Wall-E …Much Deeper Than it Seems
May 23, 2012 89 Comments
I’ve always considered Pixar’s films to be deeper than most others, and for many years I made the bold claim that there had to be a Christian somewhere in that studio making right decisions. Then a couple of months ago I came across an article from Christianity Today with interviewer Mark Morning, and discovered that Andrew Stanton, one of the Pixar originals and director of Wall-E and Finding Nemo is a proclaimed born-again Christian, as it shows in his movies. Unfortunately the article has been deleted as it’s so old, but I managed to go around and collect some snippets of it from various sources. Enjoy, and please pray for those brothers and sisters in Hollywood making a difference.
There seem to be some biblical themes in this film. WALL•E is sort of like Adam, the only “guy” on earth, lonely, longing for a companion …
Andrew Stanton: Yes, and that’s certainly why I picked EVE as an appropriate title for the female robot. But “Adam” just didn’t have the underdog ring to it as the main character. WALL•E was a little bit more sad sack—and I could find an acronym that could work for that. But definitely it had that first man, first female theme. But I wasn’t trying to replace man in the bigger story. I just loved the poetic-ness that these two machines held more care for living and loving than humanity had anymore.
There’s also a bit of Noah’s Ark story here, with the humans on the space station, waiting for a chance to repopulate the earth—but having to wait till EVE comes back with plant life to indicate it’s okay.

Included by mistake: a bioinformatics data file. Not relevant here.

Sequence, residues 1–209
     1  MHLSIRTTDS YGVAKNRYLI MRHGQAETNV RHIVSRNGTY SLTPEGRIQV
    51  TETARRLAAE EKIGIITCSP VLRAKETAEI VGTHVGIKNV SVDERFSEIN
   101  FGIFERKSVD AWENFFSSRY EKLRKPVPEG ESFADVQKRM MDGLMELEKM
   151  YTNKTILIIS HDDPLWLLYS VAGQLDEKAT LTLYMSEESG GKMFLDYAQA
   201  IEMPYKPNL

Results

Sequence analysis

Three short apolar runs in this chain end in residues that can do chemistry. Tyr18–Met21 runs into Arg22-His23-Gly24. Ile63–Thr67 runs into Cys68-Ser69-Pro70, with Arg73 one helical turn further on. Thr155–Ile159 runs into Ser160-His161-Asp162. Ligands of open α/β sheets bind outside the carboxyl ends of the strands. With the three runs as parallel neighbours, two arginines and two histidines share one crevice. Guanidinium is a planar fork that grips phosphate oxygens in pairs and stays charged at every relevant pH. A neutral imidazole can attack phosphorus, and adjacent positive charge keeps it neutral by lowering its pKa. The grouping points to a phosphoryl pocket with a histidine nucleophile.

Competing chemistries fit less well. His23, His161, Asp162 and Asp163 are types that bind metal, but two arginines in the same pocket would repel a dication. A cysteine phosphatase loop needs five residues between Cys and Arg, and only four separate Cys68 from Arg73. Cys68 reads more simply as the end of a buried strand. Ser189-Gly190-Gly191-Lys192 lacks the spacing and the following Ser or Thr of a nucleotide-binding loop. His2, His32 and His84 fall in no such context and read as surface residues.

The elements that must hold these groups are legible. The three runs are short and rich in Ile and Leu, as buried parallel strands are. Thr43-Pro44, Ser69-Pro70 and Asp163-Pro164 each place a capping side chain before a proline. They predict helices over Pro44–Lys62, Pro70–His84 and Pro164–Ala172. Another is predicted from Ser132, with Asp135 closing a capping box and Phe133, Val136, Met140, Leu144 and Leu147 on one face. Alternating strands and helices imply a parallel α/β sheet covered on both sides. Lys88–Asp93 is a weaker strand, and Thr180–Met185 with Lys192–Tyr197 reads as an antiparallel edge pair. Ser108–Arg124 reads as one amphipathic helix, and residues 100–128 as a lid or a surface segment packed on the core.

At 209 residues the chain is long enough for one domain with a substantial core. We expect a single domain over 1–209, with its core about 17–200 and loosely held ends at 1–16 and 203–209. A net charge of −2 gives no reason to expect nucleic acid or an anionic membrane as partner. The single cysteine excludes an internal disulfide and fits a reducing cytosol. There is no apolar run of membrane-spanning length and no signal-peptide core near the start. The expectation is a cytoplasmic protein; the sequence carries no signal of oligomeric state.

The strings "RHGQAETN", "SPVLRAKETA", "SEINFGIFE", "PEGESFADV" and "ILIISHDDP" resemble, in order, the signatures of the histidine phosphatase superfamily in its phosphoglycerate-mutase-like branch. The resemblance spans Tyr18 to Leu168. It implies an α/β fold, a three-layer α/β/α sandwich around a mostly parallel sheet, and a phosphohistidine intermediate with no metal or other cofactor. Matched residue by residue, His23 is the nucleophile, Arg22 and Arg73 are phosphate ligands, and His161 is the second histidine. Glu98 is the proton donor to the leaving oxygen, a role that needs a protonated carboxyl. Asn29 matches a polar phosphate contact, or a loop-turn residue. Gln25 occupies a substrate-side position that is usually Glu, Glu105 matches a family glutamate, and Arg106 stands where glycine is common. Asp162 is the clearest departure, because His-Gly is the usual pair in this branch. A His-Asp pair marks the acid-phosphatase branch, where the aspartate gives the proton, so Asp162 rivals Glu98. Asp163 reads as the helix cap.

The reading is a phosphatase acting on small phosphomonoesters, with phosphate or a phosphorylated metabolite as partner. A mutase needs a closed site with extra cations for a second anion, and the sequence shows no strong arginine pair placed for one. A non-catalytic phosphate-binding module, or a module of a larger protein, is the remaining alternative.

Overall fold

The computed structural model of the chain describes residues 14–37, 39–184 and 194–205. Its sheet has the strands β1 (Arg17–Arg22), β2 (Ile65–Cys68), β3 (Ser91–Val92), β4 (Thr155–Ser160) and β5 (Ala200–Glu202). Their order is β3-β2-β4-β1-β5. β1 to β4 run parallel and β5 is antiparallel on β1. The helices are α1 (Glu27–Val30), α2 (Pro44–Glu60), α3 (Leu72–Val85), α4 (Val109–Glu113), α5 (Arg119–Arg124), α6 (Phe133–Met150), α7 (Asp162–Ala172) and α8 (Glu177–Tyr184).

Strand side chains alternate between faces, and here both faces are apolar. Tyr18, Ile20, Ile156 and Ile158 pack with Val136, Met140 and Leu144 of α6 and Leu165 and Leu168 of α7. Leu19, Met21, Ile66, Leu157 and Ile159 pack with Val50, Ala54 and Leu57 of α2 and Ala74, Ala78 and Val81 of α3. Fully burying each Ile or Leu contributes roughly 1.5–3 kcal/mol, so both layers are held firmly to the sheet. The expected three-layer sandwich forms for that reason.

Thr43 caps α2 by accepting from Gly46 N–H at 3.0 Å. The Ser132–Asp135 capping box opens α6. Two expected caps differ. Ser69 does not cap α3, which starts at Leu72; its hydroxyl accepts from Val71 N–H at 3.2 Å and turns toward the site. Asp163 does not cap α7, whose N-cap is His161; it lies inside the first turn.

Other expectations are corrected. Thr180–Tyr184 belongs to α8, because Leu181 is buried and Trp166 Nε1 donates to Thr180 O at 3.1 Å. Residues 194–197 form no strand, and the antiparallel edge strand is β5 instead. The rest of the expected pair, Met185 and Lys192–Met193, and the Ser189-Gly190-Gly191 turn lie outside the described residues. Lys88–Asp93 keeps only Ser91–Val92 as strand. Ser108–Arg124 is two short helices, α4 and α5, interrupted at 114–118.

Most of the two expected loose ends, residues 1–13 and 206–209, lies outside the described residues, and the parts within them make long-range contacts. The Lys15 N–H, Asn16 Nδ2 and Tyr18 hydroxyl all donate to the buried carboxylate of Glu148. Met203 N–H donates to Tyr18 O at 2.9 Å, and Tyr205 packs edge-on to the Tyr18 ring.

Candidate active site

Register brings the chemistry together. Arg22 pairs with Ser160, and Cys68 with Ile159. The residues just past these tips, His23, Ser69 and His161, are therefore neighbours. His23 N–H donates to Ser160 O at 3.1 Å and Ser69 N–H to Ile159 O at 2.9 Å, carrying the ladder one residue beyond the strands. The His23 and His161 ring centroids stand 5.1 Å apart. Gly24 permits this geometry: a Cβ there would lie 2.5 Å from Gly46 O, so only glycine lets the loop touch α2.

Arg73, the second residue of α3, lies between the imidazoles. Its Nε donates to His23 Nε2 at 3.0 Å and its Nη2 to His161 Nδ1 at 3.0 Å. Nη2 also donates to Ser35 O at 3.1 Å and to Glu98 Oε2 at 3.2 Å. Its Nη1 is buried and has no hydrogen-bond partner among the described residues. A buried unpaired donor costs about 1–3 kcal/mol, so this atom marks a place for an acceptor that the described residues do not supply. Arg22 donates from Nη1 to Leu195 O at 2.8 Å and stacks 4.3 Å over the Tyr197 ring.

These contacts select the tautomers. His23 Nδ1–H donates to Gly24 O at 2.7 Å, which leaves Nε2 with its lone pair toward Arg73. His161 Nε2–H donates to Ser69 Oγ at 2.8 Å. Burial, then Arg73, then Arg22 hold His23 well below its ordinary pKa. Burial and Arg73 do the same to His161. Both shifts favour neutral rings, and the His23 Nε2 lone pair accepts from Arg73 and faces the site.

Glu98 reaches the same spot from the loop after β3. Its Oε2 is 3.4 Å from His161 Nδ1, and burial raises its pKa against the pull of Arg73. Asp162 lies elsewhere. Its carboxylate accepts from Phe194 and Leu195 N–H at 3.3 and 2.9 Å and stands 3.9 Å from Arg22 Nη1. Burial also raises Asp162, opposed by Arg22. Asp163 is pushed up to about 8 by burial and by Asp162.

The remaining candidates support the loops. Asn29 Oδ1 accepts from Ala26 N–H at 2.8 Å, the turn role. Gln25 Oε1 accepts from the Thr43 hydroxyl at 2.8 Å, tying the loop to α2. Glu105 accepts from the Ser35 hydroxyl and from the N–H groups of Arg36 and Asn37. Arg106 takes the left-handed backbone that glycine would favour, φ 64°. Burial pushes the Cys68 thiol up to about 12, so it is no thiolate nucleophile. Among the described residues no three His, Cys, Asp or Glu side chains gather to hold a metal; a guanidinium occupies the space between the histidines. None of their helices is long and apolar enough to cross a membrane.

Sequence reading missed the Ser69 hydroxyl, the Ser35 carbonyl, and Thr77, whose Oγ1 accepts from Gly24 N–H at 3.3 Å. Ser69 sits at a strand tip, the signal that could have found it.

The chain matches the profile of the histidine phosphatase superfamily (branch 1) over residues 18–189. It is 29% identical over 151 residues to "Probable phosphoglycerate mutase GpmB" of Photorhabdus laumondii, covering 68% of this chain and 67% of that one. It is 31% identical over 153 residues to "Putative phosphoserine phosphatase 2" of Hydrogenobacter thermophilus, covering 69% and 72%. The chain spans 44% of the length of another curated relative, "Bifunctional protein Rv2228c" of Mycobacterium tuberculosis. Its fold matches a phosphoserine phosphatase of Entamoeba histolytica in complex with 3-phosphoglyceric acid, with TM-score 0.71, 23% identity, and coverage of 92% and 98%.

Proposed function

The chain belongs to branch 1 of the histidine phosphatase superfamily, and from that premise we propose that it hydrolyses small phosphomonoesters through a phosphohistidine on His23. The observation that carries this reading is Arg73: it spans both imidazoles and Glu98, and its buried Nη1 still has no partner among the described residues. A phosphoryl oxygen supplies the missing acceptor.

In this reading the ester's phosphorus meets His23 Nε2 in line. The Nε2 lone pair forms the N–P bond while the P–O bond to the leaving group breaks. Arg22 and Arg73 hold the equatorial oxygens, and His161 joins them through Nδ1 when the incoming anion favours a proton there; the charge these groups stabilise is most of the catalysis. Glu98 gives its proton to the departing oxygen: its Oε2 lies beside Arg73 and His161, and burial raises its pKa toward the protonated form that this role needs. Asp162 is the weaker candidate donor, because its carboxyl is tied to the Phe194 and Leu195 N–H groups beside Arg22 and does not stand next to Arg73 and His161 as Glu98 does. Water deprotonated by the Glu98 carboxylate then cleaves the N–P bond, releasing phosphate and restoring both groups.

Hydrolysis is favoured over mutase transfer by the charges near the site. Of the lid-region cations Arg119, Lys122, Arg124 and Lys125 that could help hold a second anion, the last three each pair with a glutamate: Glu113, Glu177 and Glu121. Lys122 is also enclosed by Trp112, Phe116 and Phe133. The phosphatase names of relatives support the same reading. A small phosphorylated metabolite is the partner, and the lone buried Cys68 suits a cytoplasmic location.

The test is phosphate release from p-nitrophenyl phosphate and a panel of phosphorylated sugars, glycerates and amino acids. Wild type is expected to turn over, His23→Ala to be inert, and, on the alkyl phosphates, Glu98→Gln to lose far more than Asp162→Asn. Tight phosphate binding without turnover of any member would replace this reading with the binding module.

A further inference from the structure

Stanton: I wasn’t using the Noah’s Ark story as a guide, but through circumstances, I loved the parallels of EVE almost being like this dove, of going down for proof that it’s time to come back. It just worked in that allegory, so I ran with it.
This next snapshot is from: http://lookingcloser.org/2008/06/christianity-todays-mark-moring-interviews-andrew-stanton/
Apparently the idea for Wall-E was first born in 1994?
Stanton: At the time, it wasn’t a whole story. It was just the foundation of a great character‚ and it was literally born from the sentence, “What if humankind left earth and somebody left the last robot on, and it just kept doing the same futile thing forever?” And I thought that was the saddest, loneliest character I ever heard of in my life. [Co-writer] Pete Docter and I loved that idea, and thought we’d love to see a movie like that.
But since we hadn’t even finished Toy Story yet, our next sentence was, “Nobody would ever let us make a movie like that.” And we put it on the shelf and got caught up doing all these other things. But the idea stayed with me all these years, and when I was writing on Nemo, I started thinking about WALL-E again‚ and I couldn’t stop. That’s when I realized that I was attracted to the pure loneliness of this character, and the opposite of loneliness is love‚ so it should be a love story. From then on, suddenly the skies opened and I just couldn’t stop writing.
And I love this…
Moring: Some Christians want more “message movies,” and they want them to be movies where the gospel is preached loud and clear. But when movies get too driven by their agenda, you often end up with a crummy movie.
Stanton: Yeah, I’m right with you on that.
Moring: But guys like you and others at Pixar, and other Christians like Scott Derrickson and Ralph Winter, are bringing biblical themes into the movies without making them feel “preachy.” Where are you on all of that thinking?
Stanton: I agree with what you said. Just because you’re strong in your faith doesn’t mean that you suddenly have to be dumb and pander to a certain audience. When did that become a rule? I think you were given a brain to use it, and I think you were given talents to use it. And so the same intoxicating, seducing talents and cleverness and wisdom that you see in what may be considered “secular” entertainment, there’s no reason that those things should be held back for anything else, I like to think.
Here is another great article that says that Wall-E is not what it seems on the surface. It’s much, much deeper than an environmental movie.
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